Each householder was required to complete a census schedule giving the address of the household, the names, ages, sex, occupations and places of birth of each individual residing in his or her accommodation. In 1851, householders were asked to give more precise details of the places of birth of each resident, to state their relationship to him or her, marital status and the nature of any disabilities from which they may have suffered.
In 1891, householders were asked how many rooms (if less then five) their family occupied and additional occupational data was collected.
The enumerator then collected the census schedules and these were copied into census enumerators' books. The way these are grouped may mean that a road is split over several folios with other streets in between. In this case the street indexes should list a series of folio references.
Although the original census schedules were destroyed many years ago, the books were kept and eventually moved to the PRO archive. The books were then filmed in 1970 to prevent the increasing usage from destroying these fragile records. You may find the odd torn or mutilated page but in general the records have survived in remarkable condition considering the heavy usage they have had.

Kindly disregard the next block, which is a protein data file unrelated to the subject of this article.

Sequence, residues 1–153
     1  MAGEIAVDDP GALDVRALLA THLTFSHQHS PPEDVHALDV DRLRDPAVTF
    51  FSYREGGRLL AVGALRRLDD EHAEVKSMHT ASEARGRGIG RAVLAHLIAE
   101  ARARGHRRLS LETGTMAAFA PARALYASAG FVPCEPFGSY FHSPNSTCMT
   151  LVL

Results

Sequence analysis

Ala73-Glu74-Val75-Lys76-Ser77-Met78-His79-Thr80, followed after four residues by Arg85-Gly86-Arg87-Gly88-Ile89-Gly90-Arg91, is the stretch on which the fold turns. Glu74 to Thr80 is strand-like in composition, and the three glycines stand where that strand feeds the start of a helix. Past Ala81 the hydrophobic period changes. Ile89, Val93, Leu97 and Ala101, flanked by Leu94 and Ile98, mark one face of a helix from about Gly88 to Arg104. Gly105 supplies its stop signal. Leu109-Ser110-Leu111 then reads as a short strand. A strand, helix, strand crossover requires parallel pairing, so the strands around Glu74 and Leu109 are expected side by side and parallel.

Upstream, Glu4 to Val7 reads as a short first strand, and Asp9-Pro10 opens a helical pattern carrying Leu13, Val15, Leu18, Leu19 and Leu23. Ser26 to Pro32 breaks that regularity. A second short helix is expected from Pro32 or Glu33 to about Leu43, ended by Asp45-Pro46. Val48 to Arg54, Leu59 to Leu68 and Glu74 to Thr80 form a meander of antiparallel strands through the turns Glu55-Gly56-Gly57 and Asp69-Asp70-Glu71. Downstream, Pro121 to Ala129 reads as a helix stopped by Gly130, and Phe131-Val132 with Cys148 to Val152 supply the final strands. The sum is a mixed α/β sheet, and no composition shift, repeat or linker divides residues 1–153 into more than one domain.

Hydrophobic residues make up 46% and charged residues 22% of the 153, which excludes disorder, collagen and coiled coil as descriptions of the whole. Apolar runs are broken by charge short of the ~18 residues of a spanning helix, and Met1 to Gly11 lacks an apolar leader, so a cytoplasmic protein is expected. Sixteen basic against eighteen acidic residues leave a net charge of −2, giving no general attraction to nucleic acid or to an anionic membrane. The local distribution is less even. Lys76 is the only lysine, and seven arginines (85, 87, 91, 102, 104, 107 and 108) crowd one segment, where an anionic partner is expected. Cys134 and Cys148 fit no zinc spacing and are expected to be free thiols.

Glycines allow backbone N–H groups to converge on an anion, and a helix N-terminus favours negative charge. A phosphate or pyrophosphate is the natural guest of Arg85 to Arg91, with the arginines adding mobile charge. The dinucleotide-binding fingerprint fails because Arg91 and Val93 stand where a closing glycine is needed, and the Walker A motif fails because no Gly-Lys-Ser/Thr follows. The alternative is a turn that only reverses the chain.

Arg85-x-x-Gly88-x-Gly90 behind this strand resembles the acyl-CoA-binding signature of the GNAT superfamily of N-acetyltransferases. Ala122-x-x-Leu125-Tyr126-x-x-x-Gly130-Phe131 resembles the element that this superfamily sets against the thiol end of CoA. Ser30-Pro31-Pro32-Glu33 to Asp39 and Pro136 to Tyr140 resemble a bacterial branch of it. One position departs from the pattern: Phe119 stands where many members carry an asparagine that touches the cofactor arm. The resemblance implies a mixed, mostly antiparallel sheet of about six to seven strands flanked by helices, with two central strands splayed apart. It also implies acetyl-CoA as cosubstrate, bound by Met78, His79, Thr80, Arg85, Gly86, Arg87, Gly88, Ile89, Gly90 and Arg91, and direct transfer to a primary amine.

The U.S. government has saved 5 million dollars for the 1890 census by using Herman Hollerith's new 'punch card' machine, made by the Western Electric Company. The counting took about three months to process instead of the expected time of two years if counting had been done by hand.
Canada, Norway and Austria were quick to follow and the machine was used to process their 1891 census. Meanwhile, at home here in the UK, it's business as usual.
Early in the 1890s, fashion discovers a new toy - sleeves. Their upper half is puffed, while the lower is tight, or they gradually taper towards the wrist. Hats were also popular.
The Great Blizzard of 1891 in the south and west of England leads to extensive snow drifts and powerful storms off the south coast, with 14 ships sunk and approximately 220 deaths attributed to the weather conditions.
SS Utopia was a transatlantic passenger steamship built in 1874 by Robert Duncan & Co of Glasgow. On the 17th March 1891, the ship reached anchor in Gibralter and collided with another ship, HMS Anson. A five-metre hole was torn in SS Utopia's hull, and her holds were quickly flooded. The ship suddenly listed, destroying the lifeboats, and sunk within twenty minutes.
Rescue boats were deployed, but could not reach the boat in time - out of 880 passengers and crewmembers of Utopia, there were 318 survivors: 562 passengers and crewmembers of Utopia were dead or missing.